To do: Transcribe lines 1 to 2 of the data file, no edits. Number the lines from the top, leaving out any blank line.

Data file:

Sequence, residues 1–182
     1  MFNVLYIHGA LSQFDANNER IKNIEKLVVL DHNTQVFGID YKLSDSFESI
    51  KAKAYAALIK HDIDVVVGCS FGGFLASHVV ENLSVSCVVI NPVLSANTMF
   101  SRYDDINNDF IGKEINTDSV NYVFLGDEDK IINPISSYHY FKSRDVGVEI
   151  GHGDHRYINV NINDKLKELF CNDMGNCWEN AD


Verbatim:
Sequence, residues 1–182
     1  MFNVLYIHGA LSQFDANNER IKNIEKLVVL DHNTQVFGID YKLSDSFESI